More than 8,500 foreign fighters have been deported from Turkey since the start of the Syrian civil war 10 years ago, the Turkish Interior Ministry said Saturday.
According to the ministry, terrorism suspects from 102 countries were expelled, including 44 from the United States and 1,075 from EU countries. In the first 10 months of this year, 61 suspects from eight EU countries were deported.
The ministry said a total of 8,585 militants have been deported since 2011 as a result of Turkey’s efforts to ensure its security within and beyond its borders. The deportees left their countries to join organizations such as the Islamic State and the Kurdistan Workers’ Party, or PKK, and its branch in Syria.
Since 2016, Turkey has conducted three military campaigns in northern Syria and maintains a military presence in the northwestern province of Idlib, as well as other areas within the Syrian border. She is currently conducting operations against the PKK in northern Iraq.
The Islamic State group carried out a series of major terrorist attacks in Turkey in 2015 and 2016 after Ankara joined the international coalition to fight the militants. Hundreds of people died as a result of bomb explosions and firearms.
The conflict with the PKK has resulted in tens of thousands of deaths since the group launched its armed campaign in southeastern Turkey in 1984. The United States and most Western states view the PKK as a terrorist organization.
The Syrian wing of the PKK has been instrumental in supporting the US-led effort to oust Islamic State militants from northwest Syria. Washington’s ties to Kurdish militants, who it claims are different from the PKK, have heightened tensions with Ankara, which views them as terrorists.
Abdullah Ocalan / Reuters / © Jamal Saidi
The Kurdistan Workers’ Party was formed on November 27, 1978 as a left-wing socialist party. After the military coup in Turkey (1980), almost the entire leadership of the party was arrested, however Abdullah Ocalan (the founder of the Kurdistan Workers’ Party) and a number of fellow party members managed to find refuge in Syria.
Since the early 1980s, Syria has sought to weaken its neighbors by supporting the autonomist aspirations of Turkish and Iraqi Kurds, while insisting that its own Kurdish minority subjugate its ethnic identity to Syria’s Arab identity. In the 1980s and early 1990s, the Syrian government supported the PKK’s actions against Turkey, arming and training its members in camps in the Lebanese Bekaa Valley, which was occupied by the Syrian army. Since the mid-1980s, the PKK already had a partisan army of many thousands (known as the Kurdistan People’s Liberation Army – (Artêşa Rizgariya gelên Kurdistan – ARGK)) and ramified political structures united in the National Liberation Front of Kurdistan (Eniya Rizgariya NetewNK Kurdistan).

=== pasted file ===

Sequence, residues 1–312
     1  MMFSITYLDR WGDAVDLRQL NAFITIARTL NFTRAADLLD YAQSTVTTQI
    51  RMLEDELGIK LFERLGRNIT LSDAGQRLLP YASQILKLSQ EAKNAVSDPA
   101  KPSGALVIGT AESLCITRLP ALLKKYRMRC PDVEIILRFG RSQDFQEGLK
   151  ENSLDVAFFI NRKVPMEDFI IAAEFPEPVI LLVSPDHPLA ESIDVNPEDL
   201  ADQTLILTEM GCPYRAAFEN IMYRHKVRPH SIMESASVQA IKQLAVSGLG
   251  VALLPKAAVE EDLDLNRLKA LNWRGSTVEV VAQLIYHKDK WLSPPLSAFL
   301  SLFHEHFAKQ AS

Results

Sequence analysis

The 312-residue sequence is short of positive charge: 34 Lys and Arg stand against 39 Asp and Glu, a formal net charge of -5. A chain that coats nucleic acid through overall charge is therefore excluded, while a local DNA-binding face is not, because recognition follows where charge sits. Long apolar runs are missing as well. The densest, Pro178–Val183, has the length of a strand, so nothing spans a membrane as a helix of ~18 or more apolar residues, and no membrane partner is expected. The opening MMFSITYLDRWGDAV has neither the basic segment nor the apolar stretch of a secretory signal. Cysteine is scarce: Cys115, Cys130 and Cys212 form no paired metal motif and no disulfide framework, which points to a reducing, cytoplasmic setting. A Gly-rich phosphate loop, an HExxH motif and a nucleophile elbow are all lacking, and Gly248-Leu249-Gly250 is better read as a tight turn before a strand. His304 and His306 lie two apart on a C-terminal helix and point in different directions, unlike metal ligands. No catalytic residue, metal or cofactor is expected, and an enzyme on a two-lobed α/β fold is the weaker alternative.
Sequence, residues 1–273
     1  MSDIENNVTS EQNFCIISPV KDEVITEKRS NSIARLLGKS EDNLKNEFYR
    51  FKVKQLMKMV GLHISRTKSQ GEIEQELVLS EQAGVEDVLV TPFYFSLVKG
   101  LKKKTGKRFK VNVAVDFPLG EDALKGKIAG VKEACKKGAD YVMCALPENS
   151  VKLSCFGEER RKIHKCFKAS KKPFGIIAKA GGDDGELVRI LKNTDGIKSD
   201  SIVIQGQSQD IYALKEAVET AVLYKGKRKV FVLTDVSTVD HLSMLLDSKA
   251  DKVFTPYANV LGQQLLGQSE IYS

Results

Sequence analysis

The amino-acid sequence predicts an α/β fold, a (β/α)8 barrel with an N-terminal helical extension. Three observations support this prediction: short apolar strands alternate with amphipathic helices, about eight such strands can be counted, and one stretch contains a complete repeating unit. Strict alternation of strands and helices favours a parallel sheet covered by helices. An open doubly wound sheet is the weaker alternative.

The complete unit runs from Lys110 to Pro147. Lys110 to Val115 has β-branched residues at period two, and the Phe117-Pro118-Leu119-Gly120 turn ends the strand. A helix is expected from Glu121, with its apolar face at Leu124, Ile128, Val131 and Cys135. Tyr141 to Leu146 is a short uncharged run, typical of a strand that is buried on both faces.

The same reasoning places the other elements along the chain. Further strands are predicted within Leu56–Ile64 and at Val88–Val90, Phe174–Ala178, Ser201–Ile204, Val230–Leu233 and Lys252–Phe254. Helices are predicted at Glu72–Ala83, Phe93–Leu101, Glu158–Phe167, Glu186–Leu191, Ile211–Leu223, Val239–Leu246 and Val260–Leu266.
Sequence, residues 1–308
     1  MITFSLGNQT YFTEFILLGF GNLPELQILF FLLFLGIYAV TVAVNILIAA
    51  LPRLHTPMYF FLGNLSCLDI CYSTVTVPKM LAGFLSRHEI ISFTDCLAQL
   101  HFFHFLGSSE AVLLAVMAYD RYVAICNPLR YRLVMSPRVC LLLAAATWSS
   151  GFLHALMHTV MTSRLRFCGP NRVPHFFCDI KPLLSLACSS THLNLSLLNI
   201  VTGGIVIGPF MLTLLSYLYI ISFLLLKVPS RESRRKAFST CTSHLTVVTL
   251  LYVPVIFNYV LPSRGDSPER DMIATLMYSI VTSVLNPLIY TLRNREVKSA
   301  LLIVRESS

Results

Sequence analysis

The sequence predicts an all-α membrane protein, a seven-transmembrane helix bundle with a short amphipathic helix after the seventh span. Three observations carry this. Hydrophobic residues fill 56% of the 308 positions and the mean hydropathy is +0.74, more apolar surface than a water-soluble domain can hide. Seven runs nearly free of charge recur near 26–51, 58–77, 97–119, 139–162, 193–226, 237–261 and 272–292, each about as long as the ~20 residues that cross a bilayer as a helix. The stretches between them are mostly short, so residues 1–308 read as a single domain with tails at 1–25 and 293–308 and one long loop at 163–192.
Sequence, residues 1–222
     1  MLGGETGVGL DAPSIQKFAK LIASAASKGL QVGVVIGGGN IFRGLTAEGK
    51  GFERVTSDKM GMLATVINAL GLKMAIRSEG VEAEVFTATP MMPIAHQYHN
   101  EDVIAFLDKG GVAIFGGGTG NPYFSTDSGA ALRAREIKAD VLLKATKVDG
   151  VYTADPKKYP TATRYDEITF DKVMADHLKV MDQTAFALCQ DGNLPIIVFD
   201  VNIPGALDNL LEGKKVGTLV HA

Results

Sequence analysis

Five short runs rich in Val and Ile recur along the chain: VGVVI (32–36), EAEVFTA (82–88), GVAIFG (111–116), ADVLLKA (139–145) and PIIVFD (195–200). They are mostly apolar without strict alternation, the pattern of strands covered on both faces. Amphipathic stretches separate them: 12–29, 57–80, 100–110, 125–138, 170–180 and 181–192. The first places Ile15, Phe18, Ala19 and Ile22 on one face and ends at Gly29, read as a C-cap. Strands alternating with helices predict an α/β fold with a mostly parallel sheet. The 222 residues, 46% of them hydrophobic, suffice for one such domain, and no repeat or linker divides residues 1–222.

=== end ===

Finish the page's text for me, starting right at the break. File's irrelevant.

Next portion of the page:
At the same time, Syria provided assistance to the Iraqi Kurds – the Patriotic Union of Kurdistan, which was founded by Jalal Talabani in Damascus in 1975. For this, the Turkish and Iraqi Kurds renounced all claims to leadership against the Syrian Kurds. In 1998, however, Syria, under strong pressure from Turkey, ended its support for the PKK, expelling its leader, Abdullah Ocalan, from his home in Damascus and closing down PKK camps in Lebanon. Shortly thereafter, Ocalan was arrested in Kenya and sentenced by a Turkish court to death (commuted to life imprisonment). The PKK moved its camps to Iraqi Kurdistan. This, however, did not end the cooperation between Syria and the PKK: the Syrian authorities did not oppose the desire of the Syrian Kurds to join the PKK to fight against Turkey. Syrian Kurds even took part in terrorist attacks in Turkey.
In 1999, the Kurdistan People’s Liberation Army was transformed into the People’s Self-Defense Forces (NSS), which consists of professional militants and has developed bases in the remote highlands of Kurdistan. The political structures of the PKK control Kurdish society both in Turkey itself and in the European diaspora. The PKK has a large budget, which is put into circulation through the businessmen controlled by the party. The main combat targets are the Turkish government security forces.
The Turkish government uses more than military force to fight the PKK. It is believed that Turkish intelligence is behind the creation of an alternative group, Kurdish Hezbollah, which carried out the murders and kidnappings of PKK activists.
In August 1999, the PKK announced a ceasefire and proclaimed the Draft Democratic Confederation, which is a non-state entity uniting the Kurdish autonomous republics to be created within the countries that divided Kurdistan among themselves.